Last year I had a little twinge of envy when friends told me they had been to White Night Melbourne. I love an event, especially if it includes lights and quirky happenings. White Night was not going to escape me this year.
White Night Melbourne is a difficult thing to sum up. Basically the city is alive from 7pm to 7am. Buildings are lit up, buskers abound, events happen, galleries are open. All sorts of quirkiness. Just up my street, alley and lane way!
Unfortunately much of Melbourne was as excited by the idea as I was. The crowds were enormous and in places they were a dangerous crush.
My White Night experience began on the train. We stuffed ourselves into a carriage at Malvern station, jammed up at the door. But we were near a group of delightful, wacky 20 somethings. Some were dressed up as characters from Toy Story and they entertained us all the way into town. They weren’t staying in town, but hoping to catch the tram to Albert Park for some sort of disco fun run. Good luck with that plan ~ getting to a tram would have been difficult!
We flowed out of the train at Melbourne Central. This took us up to the northern end of the city. Most of the action was at the Flinders Street Station and we knew that that area would be jammed packed. From all reports it was. At least at our end we could move around fairly easily.
Photos are a much better way of telling my story, so……
We came out of the station opposite the State Library, a beautiful Victorian building. It’s facade was changed by a fantastic light display.
At the next intersection, La Trobe and Swanston, there was a huge crowd around some buskers.
The music was amazing. I craned my neck to see but only caught glimpses.
People were videoing them. My brilliant idea was to watch the event as someone else recorded it. That didn’t really work very well!
(Just realised that those two guys in the photo must have been twins!)
All worked out in the end, because we came across them later on, set up on the footpath. It allowed a much better view. Two young guys, playing percussion and keyboard with a computer recorded background. It was great.
RMIT was exhibiting material from Australian bands in the 70s and 80s. Lots of Skyhooks memorabilia, including these costumes worn by Shirley, the band’s lead singer~and male, hence his nickname.
A very different event was an ongoing lecture on ethics. People came and went. The reasonably comfy chairs were nice to rest in for a while too!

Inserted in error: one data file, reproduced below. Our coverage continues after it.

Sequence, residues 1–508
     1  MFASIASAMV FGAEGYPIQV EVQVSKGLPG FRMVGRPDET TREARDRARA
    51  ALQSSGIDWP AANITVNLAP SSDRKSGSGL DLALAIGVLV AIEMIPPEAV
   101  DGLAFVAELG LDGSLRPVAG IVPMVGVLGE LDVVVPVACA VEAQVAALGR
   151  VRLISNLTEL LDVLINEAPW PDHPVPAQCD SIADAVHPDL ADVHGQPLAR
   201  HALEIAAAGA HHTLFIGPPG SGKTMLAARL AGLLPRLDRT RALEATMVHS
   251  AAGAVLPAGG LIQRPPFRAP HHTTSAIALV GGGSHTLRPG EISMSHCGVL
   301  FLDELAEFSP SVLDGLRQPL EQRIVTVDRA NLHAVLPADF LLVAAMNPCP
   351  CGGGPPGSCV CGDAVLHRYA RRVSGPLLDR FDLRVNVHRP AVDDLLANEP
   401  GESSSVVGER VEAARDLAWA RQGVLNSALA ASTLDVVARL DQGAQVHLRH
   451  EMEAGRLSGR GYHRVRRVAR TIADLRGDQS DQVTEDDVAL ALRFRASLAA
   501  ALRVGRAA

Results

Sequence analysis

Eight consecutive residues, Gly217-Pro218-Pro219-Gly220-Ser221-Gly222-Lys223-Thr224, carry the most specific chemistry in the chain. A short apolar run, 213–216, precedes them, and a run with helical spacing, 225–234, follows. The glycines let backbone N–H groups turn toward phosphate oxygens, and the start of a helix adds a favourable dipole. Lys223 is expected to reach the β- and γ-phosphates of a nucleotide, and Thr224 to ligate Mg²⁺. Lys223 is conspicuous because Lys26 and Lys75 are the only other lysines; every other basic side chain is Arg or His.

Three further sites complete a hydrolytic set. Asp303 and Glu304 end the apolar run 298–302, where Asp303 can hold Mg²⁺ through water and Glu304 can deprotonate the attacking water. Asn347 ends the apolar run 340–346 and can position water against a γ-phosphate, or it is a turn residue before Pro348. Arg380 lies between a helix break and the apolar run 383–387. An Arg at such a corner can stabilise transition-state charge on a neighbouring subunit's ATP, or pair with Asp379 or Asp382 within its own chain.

We watched a light projection on the RMIT wall. It was of paint (or was it blood?) running horizontally across the wall, with a hand pulling it back.
We made our way across to Elizabeth St and then down to the station.
Past the GPO with all its splendid lights
Flinders Street Station was glorious!
But trying to get any further to the intersection of Flinders and Swanston St would have been ridiculous. We hived off into Degraves St, a little lane that is full of tiny coffee shops and eateries. There were people sitting on every seat!
By this time, we had had enough of crowds. Down into the station via the Degraves St entrance. But wait, there was more happening down in the subways! This projector was set up in a quiet corner.
My last delight was a zine store, Sticky Institute. Who knew it was there? They had a challenge for the night. It was a zine making marathon. “The photocopier will run hot, and the staplers will clatter as 25 hardcore zine makers each make an issue in the space of a single night for White Night Melbourne.” Good luck to them!
The outward bound train was just as packed as the inward bound one, but again, there was such a good camaraderie.
Would I do it again? I did enjoy many of the quirky things. I would have liked to look into Sticky Institute’s zine challenge. There must have been other things like that going on. So may be I needed to be better prepared. However, my brilliant thought for next year is to hire a hotel room right in town. Then I can have rests in between explorations, even leaving at 2 am to go wandering. Good idea, hey?!